Reading about why people have a tough time delaying gratification, I started to think about countries.
A part of your brain–the insula–becomes more active when faced with an unpleasant task like dieting or seeing your team lose. Two MIT professors discovered that you can add paying with cash to the “unpleasant list” but not credit cards. As one of them said, “The nature of credit cards ensures that your brain is anesthetized against the pain of payment.” The result? You buy a lot more when you postpone payment (and pain) by charging it.
Countries also have been postponing payment and pain. Greek and Spanish pension obligations will soar during the next 40 years. Currently averaging between 20-30 percent of GDP for most euro zone countries, entitlement spending on public pensions, health care, and unemployment insurance is rising. Like cash vs. credit, aren’t overextended entitlement programs examples of current pleasure that will generate considerable future pain?
The Bottom Line: Will it ever be politically viable to realign incentives so that current gratification can be delayed in favor of future economic growth?
My facts about the insula and our shopping decisions, and my quotes, came from Jonah Lehrer in Wired and his book, How We Decide (p. 86). For the graphs and analysis of overextended entitlements, I consulted this NBER working paper. You might also want to look at economist Allan Meltzer’s new book, Why Capitalism.
By Mira Korber, guest blogger.
They say “cash is king.” But these days, perhaps cash was king.
Sweden is becoming a “cashless society.” Commuters pay bus fees via credit card and text message. Religious institutions take electronically transmitted donations.
The positives? Certain crime statistics have decreased. In 2008, Sweden experienced 110 bank robberies. In 2011, that number had shrunk to 16.
The negatives? Cybercrime has increased. In 2000, computerized fraud cases totaled 3,304. In 2011: almost 20,000.
Being cash-free would certainly lead to a lighter pocketbook. Or might it lead to no pocketbook at all? What would happen to wallet sales? Money clips? Restaurant tips? Jewelry purchases (as in Italy, for example)?
Read here to learn the implications of a cash-free America.
The Economic Lesson
Paying with cash or credit/debit represents a tradeoff. While a cashless society would remedy tax evasion and counterfeiting, it would diminish cash-dependent transactions.
An Economic Question: When do you use cash and when do you use a credit/debit card? Why?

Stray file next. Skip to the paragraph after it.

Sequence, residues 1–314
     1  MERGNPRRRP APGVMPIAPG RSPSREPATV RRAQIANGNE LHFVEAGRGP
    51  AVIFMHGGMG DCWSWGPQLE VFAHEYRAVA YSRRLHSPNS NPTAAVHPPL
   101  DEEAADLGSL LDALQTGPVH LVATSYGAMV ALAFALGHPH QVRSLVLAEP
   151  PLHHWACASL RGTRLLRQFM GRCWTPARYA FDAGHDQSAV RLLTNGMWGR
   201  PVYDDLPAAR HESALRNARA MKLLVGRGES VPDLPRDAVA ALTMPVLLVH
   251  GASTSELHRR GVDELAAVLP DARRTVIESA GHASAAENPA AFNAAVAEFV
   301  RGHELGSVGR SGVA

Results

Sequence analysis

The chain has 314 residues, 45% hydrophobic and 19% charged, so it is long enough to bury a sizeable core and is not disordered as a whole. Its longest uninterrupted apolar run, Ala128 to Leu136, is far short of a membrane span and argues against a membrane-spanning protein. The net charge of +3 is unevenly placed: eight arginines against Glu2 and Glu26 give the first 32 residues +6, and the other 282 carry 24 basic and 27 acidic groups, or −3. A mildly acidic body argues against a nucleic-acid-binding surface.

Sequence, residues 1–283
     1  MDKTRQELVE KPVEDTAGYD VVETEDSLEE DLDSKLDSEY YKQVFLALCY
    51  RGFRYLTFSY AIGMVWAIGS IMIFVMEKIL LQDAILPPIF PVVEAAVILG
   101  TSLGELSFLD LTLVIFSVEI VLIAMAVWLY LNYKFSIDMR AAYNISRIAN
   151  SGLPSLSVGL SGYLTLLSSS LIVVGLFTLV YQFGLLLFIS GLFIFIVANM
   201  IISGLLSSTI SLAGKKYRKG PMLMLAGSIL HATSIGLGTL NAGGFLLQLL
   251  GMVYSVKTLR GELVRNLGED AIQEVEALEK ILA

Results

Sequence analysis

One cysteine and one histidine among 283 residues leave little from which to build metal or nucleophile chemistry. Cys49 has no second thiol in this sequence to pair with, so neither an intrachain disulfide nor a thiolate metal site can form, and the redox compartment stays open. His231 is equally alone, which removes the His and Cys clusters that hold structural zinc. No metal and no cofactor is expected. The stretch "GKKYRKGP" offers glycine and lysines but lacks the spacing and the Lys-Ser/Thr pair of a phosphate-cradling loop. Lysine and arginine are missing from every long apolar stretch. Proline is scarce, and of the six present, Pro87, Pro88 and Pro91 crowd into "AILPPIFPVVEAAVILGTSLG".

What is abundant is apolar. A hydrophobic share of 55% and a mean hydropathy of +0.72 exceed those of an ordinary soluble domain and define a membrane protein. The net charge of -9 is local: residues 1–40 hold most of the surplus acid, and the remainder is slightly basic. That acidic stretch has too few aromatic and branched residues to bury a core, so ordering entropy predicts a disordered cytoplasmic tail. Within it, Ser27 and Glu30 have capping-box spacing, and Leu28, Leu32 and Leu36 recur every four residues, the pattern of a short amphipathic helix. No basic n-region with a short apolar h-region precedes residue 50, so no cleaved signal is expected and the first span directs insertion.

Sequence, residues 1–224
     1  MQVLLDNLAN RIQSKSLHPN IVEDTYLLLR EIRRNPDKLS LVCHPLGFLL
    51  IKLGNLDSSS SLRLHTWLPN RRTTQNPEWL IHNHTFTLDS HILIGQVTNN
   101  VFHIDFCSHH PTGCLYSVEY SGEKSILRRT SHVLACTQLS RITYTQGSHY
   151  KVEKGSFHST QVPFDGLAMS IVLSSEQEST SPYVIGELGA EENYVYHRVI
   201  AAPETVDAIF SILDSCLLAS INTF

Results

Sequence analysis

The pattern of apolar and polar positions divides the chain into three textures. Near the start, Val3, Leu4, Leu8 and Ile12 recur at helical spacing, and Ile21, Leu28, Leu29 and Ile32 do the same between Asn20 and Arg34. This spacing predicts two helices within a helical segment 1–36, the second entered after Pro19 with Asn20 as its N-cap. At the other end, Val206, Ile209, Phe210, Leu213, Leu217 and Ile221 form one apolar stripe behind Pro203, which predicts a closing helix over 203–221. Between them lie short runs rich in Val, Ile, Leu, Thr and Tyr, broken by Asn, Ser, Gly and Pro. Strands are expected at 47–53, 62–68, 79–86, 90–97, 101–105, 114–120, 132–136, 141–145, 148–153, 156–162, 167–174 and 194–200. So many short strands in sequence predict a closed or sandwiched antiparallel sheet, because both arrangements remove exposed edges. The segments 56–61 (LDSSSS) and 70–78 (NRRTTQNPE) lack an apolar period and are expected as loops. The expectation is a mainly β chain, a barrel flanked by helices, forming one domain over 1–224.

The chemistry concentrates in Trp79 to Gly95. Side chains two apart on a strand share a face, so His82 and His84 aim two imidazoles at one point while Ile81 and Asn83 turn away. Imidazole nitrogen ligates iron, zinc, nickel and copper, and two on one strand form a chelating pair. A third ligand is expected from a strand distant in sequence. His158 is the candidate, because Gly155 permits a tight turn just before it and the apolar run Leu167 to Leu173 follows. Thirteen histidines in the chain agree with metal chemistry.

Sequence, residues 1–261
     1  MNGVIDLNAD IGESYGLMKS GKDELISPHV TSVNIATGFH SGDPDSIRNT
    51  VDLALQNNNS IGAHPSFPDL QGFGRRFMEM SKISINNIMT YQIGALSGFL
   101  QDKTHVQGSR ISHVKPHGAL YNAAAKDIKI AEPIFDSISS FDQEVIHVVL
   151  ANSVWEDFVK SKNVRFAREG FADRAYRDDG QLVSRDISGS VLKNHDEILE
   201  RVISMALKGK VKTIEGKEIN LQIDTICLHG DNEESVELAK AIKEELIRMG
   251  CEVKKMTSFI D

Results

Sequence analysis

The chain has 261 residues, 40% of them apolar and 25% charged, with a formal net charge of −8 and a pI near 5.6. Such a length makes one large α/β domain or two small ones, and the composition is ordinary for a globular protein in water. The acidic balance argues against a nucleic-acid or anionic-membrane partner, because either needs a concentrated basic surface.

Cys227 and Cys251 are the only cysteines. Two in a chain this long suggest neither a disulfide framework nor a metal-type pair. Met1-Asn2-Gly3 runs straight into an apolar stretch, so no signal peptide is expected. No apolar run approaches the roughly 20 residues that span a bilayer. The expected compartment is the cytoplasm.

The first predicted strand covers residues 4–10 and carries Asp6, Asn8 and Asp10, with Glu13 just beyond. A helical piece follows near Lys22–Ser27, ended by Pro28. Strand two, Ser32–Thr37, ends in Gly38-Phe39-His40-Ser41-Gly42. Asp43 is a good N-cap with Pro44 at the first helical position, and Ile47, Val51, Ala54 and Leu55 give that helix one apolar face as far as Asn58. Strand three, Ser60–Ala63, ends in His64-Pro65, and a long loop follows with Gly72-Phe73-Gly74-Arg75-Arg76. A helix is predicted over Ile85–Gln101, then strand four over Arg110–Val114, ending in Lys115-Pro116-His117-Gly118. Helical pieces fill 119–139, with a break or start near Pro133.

To a Yap islander, in 1903, a 12-foot limestone wheel had considerable value. Described by NPR’s Planet Money, the wheels, as small as a foot in diameter and as large as twelve, composed the islanders’ monetary system. With smaller transactions, you just inserted a pole through the wheel’s center hole and took it to whomever you owed money.
With larger wheels, you did not even need to move them. In a 1991 paper, Nobel Laureate Milton Friedman tells us that when one valuable massive wheel was lost at sea, its owners could still use it. The islanders “…universally conceded…that the mere accident of its loss overboard…ought not to affect its marketable value…The purchasing power of that stone remains, therefore, as valid as if it were leaning visibly against the side of the owner’s house…”
Fast forward to 2012. Increasingly, transactions have become cashless. A phone swipe can pay for a cup of coffee. We can pay bills online. We’ve got credit and debit cards and PayPal. Currently at Slate.com, one journalist is investigating a cashless life. And, in one 2004 study, researchers concluded that although consumers benefit more than merchants, “the shift to a cashless society will improve economic welfare.”
Sounds like the Yap’s big wheels.
The Economic Lesson
To be called money, a commodity needs 3 characteristics:
- It should be a medium of exchange. (People willingly use the commodity for exchange.)
- It should be a store of value. (In the future, it still will have relatively comparable purchasing power.)
- It should be a measure of value. (When someone says one dollar, you know what that means.)
Today, in the U.S., the basic money supply includes cash, currency, travelers checks and demand deposits (checks). Thinking of ATM payments and a phone swiper at Starbucks, the traditional examples of the money supply are not quite working anymore.
An Economic Question: How has the increased use of credit and debit cards since the 1950s affected our purchasing habits?